SOBECKI: Absolutely. I mean, to me it’s something that I think we can all relate to, which is that we carry our identity with us wherever we go, and a part of that is gender, race, religion, sexual identity, the economic situation that you grew up in or live in now. There’s so many different parts that make us who we are and that shape the way that we see the world. And as storytellers we all carry that with us as well, and it shapes the way that we see stories, that we share them, the stories that we choose to tell.
If we are only being told stories from the perspective of a very narrow segment of people, which throughout history has primarily been white men, we are all being underserved, because we are all lacking this sort of—well, there’s just many stories that aren’t being told, and the stories that are being told are being told from one perspective. That’s not to say that there’s a lot of not incredibly talented, sensitive group of photographers that have been telling powerful stories for a long time, but I think one of the things that feels really vital that is beginning to happen more now is the opening up of space within photography and journalism for a far more diverse set of voices.
We still have so far to go. We’re not nearly where we need to be, but I’m really glad to see that space beginning to open up.
CURTIN: What’s your dream assignment?
SOBECKI: I don’t know what my dream assignment would be, but I can tell you one of the ways in which I try to choose what I work on is really just the things that feel most important to me to communicate, or also just most important to me as a person. For me, for a long time that’s been the environment, and the way in which it’s changing. I worked for two years with my reporting partner Laura Heaton on a project called “A Climate for Conflict,” where we explored the ways in which climate change and environmental degradation were transforming Somalia.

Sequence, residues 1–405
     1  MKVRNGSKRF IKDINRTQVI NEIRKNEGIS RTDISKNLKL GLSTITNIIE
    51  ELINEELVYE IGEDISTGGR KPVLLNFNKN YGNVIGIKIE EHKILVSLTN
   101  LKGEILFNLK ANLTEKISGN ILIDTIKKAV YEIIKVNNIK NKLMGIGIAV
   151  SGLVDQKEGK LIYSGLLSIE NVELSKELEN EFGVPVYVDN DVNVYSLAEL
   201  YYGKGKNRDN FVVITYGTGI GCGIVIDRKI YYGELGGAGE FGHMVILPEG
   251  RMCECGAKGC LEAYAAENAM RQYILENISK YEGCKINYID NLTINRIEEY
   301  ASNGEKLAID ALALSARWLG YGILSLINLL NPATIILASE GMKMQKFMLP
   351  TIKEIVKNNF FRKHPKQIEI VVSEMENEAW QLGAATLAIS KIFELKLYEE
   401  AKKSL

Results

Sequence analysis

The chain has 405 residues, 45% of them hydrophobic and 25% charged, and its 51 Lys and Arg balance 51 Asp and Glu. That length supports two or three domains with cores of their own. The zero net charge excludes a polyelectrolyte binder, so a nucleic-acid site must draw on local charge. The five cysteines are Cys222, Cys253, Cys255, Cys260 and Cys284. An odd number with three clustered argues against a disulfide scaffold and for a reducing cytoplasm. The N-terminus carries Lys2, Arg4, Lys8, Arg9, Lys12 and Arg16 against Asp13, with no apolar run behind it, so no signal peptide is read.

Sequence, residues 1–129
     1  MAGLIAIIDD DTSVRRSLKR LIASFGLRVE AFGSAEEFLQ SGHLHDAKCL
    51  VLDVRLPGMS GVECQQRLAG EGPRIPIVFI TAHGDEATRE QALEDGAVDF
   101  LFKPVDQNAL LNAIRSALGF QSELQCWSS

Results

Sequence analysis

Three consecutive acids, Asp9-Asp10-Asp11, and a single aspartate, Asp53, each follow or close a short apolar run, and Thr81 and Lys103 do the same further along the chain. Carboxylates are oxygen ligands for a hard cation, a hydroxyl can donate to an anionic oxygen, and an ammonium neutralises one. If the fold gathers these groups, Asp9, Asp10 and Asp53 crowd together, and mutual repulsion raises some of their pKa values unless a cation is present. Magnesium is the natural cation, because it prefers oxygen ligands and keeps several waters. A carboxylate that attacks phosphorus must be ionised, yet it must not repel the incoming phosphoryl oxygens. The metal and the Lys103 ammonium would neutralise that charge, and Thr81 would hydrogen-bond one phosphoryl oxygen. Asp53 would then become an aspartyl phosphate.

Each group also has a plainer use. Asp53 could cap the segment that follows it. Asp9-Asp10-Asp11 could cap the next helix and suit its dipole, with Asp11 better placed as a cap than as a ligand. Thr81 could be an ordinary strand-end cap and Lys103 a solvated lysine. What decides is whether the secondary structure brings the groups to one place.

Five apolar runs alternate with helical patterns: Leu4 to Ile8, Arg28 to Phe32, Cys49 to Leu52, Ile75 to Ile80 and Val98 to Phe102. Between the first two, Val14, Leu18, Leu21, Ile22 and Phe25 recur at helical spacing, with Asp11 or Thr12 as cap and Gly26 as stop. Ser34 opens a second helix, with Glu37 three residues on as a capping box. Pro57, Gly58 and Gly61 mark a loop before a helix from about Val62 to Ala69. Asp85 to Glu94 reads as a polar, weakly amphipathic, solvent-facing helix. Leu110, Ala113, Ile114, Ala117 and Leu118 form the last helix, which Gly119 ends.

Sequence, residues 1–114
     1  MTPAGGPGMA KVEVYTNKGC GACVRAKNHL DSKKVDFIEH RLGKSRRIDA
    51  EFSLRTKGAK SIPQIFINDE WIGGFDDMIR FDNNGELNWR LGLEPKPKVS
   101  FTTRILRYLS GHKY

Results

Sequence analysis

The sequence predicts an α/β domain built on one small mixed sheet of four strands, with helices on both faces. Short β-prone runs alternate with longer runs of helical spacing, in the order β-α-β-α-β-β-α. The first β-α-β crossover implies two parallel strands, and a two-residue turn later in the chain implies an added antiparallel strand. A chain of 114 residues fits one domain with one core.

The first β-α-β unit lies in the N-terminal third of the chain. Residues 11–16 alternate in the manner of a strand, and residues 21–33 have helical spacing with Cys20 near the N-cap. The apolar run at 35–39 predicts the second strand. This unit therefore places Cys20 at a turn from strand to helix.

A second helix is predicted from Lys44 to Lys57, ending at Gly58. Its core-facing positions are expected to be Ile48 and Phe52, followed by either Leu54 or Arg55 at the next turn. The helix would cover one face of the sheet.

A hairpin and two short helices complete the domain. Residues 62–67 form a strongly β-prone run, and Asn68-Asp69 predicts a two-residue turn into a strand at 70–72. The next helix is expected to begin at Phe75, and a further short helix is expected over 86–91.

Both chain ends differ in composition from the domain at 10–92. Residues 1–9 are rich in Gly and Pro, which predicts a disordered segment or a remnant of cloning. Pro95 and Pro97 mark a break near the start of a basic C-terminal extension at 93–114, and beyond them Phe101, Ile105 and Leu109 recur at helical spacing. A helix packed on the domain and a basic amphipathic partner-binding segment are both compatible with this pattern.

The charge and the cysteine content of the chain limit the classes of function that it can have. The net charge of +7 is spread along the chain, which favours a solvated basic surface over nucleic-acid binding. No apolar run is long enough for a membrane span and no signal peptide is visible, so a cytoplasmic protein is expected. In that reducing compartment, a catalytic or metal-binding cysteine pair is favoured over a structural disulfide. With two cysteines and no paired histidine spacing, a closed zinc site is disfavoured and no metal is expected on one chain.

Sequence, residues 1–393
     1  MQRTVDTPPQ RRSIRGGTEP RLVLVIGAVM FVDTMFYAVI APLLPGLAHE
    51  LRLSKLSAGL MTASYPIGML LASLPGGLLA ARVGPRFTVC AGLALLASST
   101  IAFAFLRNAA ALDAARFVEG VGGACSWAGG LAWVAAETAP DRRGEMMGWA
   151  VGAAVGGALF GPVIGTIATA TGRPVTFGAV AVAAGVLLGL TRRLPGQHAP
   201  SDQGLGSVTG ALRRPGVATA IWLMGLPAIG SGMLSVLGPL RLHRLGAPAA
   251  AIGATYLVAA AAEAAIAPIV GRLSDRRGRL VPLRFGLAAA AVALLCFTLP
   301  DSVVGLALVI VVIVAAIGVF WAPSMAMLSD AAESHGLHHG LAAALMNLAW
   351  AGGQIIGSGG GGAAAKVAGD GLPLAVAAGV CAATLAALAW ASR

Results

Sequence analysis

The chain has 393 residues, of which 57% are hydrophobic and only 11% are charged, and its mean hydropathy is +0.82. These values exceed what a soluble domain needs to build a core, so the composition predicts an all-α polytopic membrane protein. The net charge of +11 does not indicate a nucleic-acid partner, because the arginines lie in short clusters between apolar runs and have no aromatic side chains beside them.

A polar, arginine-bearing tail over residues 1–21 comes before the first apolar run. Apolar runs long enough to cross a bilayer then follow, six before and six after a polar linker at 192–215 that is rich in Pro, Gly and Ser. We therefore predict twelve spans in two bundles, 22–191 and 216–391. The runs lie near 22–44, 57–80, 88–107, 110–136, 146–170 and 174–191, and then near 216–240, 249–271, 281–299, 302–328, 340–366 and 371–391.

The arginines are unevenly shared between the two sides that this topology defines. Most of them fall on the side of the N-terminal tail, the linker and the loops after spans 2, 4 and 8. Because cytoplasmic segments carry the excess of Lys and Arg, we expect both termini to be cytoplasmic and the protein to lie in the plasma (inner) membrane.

That was certainly one of the most meaningful projects I’ve ever done in the sense that it really for me drew out strands of a story that I had been covering for a long time. I had been going to Somalia since 2011, but I had covered it in a much more traditional way, which was very newsy, very coming in briefly, coming out. It’s an expensive and difficult place to work. That’s how most people have to cover it.
The opportunity to go deeper, to try to understand the environmental context in which this insecurity was taking place and how it was actually driving migration conflict over scarcity of resources, piracy, was really a privilege.